Mexican Independence Day in Ajijic, September 16th
September 16th, Mexican Independence Day is one of the biggest holidays of the year here. The festivities started a few days before the 16th. There was so much going on that it was impossible to see it all.
There were festivities at the plaza, parades, and celebrations in the local restaurants, horse events, the shawl parade, private parties and many more things. There was too much to be able to cover in this one article.
Here is a short history lesson. On Sept. 16th, 1810, Father Miguel Hidalgo (age 57) made a speech in the pulpit that marks the beginning of the War against the Spanish. His speech is titled “El Grito de Dolores” or “Cry of Dolores”. This speech came out of the Queretaro conspiracy. It was made in the city of Dolores. Father Miguel Hidalgo said he was taking up arms against Spain. He quickly had an army behind him.
Every year just before midnight on Sept. 15th Father Hidalgo’s speech is read from the balcony of every Mayor’s office in Mexico. This is followed by cries of “Mexicanos, Viva Mexico.” These were the last words of the speech. Then the church bells ring and the fireworks go off at midnight.
It was eleven more years after this famous speech before Mexico finally become independent of Spain on Sept. 25th, 1821. It was a long, hard struggle. Before Father Miguel Hidalgo made his famous speech, there had been meetings and conspiracies but the Spanish had thwarted many of them.
In 1808, Napoleon’s army imprisoned the Spanish King Ferdinand VII and that lead the way for the revolution in Mexico. It was the perfect opportunity for the Mexicans to break away from Spanish rule. The Mexicans were tired of high taxes and no representation.
There was a huge rally of men behind Father Miguel Hidalgo. Ignacio Allende joined with him and led an army towards Mexico City. By November of the same year he was at the gates of the city but he retreated.
Before he reached Mexico City, he went into San Miguel, Celaya and then Guanajuato. At that point there were between twenty thousand to fifty thousand people in the army, or maybe it was more like a mob. They looted the city. The Spaniards retreated to the Granary with their jewels and possessions. Three thousand insurgents were killed and seven hundred Spanish defenders of the granary.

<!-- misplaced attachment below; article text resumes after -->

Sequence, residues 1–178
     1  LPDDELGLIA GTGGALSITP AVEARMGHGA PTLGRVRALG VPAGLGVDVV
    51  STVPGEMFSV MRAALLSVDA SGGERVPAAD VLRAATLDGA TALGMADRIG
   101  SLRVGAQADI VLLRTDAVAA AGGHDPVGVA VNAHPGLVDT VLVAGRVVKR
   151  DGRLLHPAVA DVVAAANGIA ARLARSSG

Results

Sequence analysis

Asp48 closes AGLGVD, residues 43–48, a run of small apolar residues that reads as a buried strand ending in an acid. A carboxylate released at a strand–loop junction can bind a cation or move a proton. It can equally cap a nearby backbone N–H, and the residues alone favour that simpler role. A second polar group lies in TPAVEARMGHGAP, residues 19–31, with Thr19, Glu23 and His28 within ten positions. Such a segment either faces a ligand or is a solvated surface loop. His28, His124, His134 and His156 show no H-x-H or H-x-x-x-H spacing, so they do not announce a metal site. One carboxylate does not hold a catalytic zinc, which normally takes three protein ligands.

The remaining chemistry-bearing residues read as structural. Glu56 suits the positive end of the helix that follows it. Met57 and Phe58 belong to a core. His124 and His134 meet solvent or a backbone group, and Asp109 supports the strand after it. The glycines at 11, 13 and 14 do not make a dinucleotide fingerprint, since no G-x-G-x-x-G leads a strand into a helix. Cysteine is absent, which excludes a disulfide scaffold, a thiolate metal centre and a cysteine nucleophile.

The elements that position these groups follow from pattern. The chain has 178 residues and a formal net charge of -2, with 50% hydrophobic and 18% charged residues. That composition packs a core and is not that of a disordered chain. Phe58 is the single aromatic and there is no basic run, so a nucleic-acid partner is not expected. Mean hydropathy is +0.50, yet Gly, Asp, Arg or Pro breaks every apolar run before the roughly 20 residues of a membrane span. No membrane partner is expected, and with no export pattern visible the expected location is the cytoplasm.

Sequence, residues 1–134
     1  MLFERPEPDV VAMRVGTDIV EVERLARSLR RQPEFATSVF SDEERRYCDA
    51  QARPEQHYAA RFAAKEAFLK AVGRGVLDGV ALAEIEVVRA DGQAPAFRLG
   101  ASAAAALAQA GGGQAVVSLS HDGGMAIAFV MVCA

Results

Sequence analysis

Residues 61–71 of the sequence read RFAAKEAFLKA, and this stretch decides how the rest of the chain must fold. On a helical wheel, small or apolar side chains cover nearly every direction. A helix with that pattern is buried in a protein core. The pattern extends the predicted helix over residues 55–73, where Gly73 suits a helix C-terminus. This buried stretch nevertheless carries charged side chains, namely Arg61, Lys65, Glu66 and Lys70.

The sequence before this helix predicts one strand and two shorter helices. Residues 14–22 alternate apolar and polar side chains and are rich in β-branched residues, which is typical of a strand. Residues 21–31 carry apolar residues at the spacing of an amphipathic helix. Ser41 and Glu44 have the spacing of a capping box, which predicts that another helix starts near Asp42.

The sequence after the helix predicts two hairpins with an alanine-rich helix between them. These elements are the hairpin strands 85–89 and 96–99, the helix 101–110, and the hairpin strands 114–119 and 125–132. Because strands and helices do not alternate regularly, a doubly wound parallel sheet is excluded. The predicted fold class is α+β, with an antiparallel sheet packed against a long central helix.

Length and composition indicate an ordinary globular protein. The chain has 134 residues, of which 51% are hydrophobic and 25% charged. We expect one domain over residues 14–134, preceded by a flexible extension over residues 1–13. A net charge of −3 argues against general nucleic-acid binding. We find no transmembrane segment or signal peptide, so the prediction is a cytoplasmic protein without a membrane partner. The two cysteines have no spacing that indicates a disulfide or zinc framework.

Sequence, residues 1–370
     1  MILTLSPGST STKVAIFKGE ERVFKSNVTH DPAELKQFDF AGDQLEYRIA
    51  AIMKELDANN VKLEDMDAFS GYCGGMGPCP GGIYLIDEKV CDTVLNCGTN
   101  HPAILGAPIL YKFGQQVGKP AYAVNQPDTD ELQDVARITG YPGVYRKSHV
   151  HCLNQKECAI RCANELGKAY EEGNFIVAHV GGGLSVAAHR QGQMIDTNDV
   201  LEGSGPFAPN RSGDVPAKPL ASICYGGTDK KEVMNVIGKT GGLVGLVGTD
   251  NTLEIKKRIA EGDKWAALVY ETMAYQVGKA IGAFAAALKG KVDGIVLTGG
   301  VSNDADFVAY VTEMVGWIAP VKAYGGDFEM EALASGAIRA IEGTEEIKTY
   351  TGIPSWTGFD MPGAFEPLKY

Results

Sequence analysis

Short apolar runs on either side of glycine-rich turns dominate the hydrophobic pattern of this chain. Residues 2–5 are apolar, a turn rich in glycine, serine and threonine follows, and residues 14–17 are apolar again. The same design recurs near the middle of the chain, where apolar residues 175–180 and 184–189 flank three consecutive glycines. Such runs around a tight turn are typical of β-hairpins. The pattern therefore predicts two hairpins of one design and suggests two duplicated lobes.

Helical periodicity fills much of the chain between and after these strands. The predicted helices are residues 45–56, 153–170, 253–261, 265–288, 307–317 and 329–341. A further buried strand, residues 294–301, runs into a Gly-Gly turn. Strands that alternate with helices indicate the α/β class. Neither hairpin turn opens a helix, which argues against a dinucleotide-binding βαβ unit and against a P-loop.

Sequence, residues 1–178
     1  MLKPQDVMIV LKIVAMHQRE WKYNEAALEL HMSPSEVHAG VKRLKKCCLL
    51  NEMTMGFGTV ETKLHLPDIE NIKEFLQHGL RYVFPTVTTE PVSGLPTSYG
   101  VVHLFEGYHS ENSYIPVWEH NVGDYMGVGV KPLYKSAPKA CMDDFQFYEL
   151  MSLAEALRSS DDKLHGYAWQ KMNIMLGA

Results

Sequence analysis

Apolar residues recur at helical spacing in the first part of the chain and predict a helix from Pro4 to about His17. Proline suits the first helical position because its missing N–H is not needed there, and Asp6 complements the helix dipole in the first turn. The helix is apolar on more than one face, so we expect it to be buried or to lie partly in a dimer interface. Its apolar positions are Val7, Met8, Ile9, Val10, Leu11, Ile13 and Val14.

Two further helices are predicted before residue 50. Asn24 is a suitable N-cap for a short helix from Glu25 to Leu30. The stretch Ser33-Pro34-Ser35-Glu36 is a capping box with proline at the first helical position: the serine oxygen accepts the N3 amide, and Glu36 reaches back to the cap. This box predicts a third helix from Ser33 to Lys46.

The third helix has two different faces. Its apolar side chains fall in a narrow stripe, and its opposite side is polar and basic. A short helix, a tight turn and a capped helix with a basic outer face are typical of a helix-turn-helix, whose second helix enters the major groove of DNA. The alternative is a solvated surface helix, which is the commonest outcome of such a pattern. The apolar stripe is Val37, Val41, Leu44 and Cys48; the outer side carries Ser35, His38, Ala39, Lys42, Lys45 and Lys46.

In January in 1811, Miguel Hidalgo and Ignacio Allende were captured and put to death after the Battle of Calderon Bridge. By July of 1811 the peasant army had disbanded and it looked as if Spain had won.
Jose Maria Morelos, one of Hidalgo’s captains, fought with the insurgents until he was executed in 1815.
Lieutenant Vicente Guerrero, and rebel leader Guadalupe Victoria fought six more years until 1821 when they reached an agreement with turncoat royal officer Agustin de Iturbide who allowed for Mexico’s liberation on Sept. 25th of 1821.
A famous rebel was Dona Josefa Ortiz de Dominguez, daughter of Juan Jose Ortiz. She held secret meetings for the insurgents and helped hide guns and ammunition. She also had fourteen children. That was a busy woman.
If anything can be learned by this brief survey, it is that one person can start a revolution. All it takes is the courage to stand up and say, “No More Tyranny”. Of course, this also means that one is willing to take up arms against the tyranny and fight to the death.
Father Miguel Hidalgo was considered Father of the Nation of Mexico. He was captured on March 21, 1811 and executed on July 30th, 1811.
Ignacio Allende was captured in Chihuahua on June 26, 1811 and killed by a firing squad. He was decapitated and his head was put inside a cage and hung from the corner of the building, Alhondiga de Granditas (The Granary) in Guanajuato. In 1925 his remains were moved to Independence Column in Mexico City.
Jose Maria Morelos, Roman Catholic priest who led the war of Independence after Father Miguel Hidalgo was executed. Jose Maria Morelos was captured in November of 1815 in Tezmalaca. He was brought to Mexico City in chains, tried and executed for treason. He was shot before a firing squad on December 22, 1815 in San Cristobal Ecatepec.
Josefa Ortiz de Dominguez was tried for treason but she was not put to death. Instead, she was forced to spend the rest of her life in a Monastery. I wonder if the fact that she was a woman saved her from the death sentence. She lucked out or maybe being isolated from her fourteen children was worse than the death sentence.
The heroes of the fight for independence paid with their lives but their spirits live on through the love of the Mexican people. In every 16th of Sept. parade little boys are dressed up like Father Miguel Hidalgo. Not many little boys are bald headed so they have to improvise.
Some of the girls in the parade I was wore beautiful white dresses. I don’t know if this was in honor of Josefa Ortiz de Dominguez or some other heroine. Mexican history is not one of my strong points. I just enjoyed seeing all the children having so much fun in the parade.
The parade in Ajijic on Sept. 16th was mostly groups of school children, marching and playing instruments. There were a couple of floats and of course the horses, some of them dancing down the street.
After the parade, I walked up to the plaza to take more photos. It was a festive atmosphere with confetti. It was everywhere. They hollow out eggs and stuff them with confetti. Then they throw these eggs at each other. It provides lots of cheap entertainment for the children. It was an exciting day with music, food, parades, parties and many happy people. I love living in Mexico. “Viva Mexico.”
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